Tag Archives: julia goldsworthy

Cute seals for Earth Hour Day – and some serious points about Liberal Democrat policy

On the day Earth Hour takes place, the Liberal Democrats have released a video with Nick Clegg and Julia Goldsworthy at a Cornish seal sanctuary. They highlight the nature bill that’s part of our 5 green laws in the manifesto. I know this is childish but every time I see that headline, I think of a cartoon David Laws, greened up like Elphaba in Wicked. The party’s video communications are really good at the moment. Enjoy this one.

Our plans for a Nature Bill include removing exemptions from all plastic bag charges to safeguard our environment and protect wildlife.

Posted by Liberal Democrats on Saturday, 28 March 2015

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By-election update: Lib Dems jump from 4th to 1st to take seat from Tories in Julia Goldsworthy’s Cornish battleground seat

ALDC Master Logo (for screen)There were five by-elections in principal authorities this week (Cornwall, Torridge, Barnsley and two in Cheshire West and Chester) and one deferred election in North Hertfordshire.

The Liberal Democrats jumped from fourth place to take a seat from the Tories in Illogan (Cornwall Unitary Authority). David Ekinsmyth won 23.8% of the vote for the Liberal Democrats; an increase of 10.1%. The Tories slumped to third behind Mebyon Kernow with both parties receiving 18%. The UKIP vote fell by 9.1% to finish fourth (13.4%), Labour came fifth (11.1%), …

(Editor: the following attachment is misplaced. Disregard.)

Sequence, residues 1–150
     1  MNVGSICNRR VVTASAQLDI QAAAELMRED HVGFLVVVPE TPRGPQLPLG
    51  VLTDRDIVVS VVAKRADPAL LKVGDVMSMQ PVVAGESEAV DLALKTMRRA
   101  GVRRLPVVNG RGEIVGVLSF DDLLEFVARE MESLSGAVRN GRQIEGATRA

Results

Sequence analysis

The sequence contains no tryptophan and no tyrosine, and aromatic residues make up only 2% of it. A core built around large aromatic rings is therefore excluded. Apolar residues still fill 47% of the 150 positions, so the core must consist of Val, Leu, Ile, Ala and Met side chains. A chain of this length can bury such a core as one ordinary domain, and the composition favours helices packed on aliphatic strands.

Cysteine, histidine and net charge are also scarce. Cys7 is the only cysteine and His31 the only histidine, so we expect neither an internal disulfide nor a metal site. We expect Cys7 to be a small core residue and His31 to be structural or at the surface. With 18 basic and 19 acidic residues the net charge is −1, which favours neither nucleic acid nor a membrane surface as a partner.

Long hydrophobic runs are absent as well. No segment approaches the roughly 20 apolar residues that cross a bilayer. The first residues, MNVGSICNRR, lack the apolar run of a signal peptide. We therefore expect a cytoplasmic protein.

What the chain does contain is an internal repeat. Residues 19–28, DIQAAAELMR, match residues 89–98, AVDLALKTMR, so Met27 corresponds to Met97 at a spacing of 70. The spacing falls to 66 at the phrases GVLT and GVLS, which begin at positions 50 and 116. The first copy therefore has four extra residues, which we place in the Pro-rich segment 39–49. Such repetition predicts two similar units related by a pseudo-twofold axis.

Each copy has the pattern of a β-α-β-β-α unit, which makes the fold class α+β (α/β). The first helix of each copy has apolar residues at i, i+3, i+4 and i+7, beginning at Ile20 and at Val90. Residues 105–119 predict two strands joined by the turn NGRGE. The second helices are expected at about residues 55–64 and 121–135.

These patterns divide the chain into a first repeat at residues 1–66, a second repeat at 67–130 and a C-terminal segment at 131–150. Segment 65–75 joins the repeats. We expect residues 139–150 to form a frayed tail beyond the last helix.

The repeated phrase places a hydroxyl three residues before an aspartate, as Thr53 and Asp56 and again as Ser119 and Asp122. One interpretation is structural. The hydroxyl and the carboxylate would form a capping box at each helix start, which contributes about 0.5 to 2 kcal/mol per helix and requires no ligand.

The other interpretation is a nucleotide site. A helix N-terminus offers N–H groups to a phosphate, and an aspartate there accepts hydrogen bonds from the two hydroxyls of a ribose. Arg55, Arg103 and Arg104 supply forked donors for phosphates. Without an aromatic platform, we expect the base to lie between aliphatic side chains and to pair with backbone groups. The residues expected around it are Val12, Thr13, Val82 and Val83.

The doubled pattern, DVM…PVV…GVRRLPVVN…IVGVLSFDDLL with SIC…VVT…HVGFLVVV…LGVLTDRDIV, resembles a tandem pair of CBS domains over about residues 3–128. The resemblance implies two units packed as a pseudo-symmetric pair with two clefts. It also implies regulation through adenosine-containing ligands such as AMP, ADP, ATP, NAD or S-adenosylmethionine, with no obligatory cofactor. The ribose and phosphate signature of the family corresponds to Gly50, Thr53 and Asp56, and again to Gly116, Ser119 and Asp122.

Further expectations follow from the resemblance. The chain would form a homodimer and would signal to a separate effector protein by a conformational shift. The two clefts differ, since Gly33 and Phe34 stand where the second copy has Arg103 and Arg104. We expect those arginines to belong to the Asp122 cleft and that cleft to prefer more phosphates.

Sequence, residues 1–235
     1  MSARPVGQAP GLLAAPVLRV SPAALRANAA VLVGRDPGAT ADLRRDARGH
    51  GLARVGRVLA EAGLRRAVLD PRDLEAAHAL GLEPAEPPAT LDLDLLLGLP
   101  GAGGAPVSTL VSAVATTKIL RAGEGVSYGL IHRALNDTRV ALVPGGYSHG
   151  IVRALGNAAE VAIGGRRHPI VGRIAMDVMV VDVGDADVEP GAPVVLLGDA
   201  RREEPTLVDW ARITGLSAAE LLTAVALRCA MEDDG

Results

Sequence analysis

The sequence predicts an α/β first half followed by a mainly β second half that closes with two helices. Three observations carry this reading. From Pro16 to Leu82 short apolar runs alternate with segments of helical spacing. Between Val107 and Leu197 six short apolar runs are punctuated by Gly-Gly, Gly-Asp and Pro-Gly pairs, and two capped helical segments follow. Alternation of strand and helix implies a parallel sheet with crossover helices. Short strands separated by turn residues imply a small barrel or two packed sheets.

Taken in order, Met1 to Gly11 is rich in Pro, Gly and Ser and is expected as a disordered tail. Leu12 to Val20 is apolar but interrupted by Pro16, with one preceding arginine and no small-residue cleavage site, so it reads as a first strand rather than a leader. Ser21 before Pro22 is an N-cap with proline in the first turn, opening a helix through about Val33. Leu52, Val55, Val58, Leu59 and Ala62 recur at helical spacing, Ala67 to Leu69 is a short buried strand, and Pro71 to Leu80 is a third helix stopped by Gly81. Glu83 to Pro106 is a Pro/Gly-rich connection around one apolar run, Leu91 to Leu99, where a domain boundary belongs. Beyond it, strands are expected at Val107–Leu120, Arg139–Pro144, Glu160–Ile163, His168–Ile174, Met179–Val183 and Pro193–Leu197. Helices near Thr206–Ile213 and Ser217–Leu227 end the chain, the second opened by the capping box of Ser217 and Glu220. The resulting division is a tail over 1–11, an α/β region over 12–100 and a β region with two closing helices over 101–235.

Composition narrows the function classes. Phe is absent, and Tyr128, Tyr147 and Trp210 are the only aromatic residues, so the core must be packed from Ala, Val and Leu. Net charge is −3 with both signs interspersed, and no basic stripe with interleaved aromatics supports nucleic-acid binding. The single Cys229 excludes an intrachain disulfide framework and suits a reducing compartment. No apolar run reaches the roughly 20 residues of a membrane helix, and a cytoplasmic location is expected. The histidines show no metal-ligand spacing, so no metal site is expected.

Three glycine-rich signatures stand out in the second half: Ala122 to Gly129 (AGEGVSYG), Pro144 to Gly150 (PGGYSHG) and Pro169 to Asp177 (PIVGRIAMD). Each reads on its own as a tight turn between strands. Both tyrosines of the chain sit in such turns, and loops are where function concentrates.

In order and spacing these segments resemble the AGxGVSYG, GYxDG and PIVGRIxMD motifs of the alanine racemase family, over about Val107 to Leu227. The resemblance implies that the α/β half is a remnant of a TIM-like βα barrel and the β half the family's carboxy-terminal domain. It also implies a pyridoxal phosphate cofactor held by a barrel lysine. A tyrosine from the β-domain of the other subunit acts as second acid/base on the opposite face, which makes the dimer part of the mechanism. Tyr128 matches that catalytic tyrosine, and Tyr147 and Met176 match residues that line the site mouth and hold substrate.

Posted in News | Also tagged , , and | 12 Comments

Rose Garden love in “sick inducing” but necessary says Julia Goldsworthy

julia-goldsworthyIn an interview in yesterday’s Independent on Sunday, Julia Goldsworthy, former MP  for Falmouth and Camborne and ex Special Adviser to Danny Alexander, had this to say about the Rose Garden love-in on the day the Coalition was formed:

I sat at home watching Nick and David in their first press conference in the Rose Garden. I think probably for a lot of political activists it was quite sick-inducing, but it was absolutely necessary because of the economy and national interest. Coalition was a fairly new thing to get our heads around. It was fairly important to demonstrate that this was a relationship that could work. It was fairly important to ham it up at the start, to show that this was something that was going to last.

Posted in News | Also tagged | 38 Comments

Julia Goldsworthy re-selected as Lib Dem candidate for Camborne and Redruth, quits as Danny Alexander’s SpAd

julia-goldsworthyCongratulations to Julia Goldsworthy, selected last Friday to fight what is, on paper at any rate, the Lib Dems’ top target in the 2015 general election: Camborne and Redruth. This was the seat which Julia, who had been the party’s shadow chief secretary to the treasury, lost by just 66 votes to the Tories in 2010. Julia, who became special adviser to Danny Alexander at the Treasury shortly after her defeat, has resigned her post to focus on the campaign.